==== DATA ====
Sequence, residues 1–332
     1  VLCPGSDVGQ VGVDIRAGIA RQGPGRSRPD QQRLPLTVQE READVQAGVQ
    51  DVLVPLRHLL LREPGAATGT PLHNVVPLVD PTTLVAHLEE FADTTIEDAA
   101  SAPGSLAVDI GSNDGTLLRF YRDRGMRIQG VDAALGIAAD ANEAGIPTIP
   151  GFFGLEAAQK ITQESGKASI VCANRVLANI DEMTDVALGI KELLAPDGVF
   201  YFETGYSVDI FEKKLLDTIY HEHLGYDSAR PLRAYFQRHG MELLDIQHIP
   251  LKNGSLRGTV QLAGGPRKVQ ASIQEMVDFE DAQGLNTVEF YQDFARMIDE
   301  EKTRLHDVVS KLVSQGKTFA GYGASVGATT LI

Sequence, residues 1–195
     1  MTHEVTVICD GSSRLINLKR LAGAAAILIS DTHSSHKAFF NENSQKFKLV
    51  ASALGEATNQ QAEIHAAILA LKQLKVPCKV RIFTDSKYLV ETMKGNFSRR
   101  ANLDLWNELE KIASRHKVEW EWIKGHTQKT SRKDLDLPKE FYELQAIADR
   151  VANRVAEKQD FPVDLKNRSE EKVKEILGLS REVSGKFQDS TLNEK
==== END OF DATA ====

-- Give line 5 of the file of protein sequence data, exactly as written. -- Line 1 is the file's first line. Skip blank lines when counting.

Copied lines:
   151  GFFGLEAAQK ITQESGKASI VCANRVLANI DEMTDVALGI KELLAPDGVF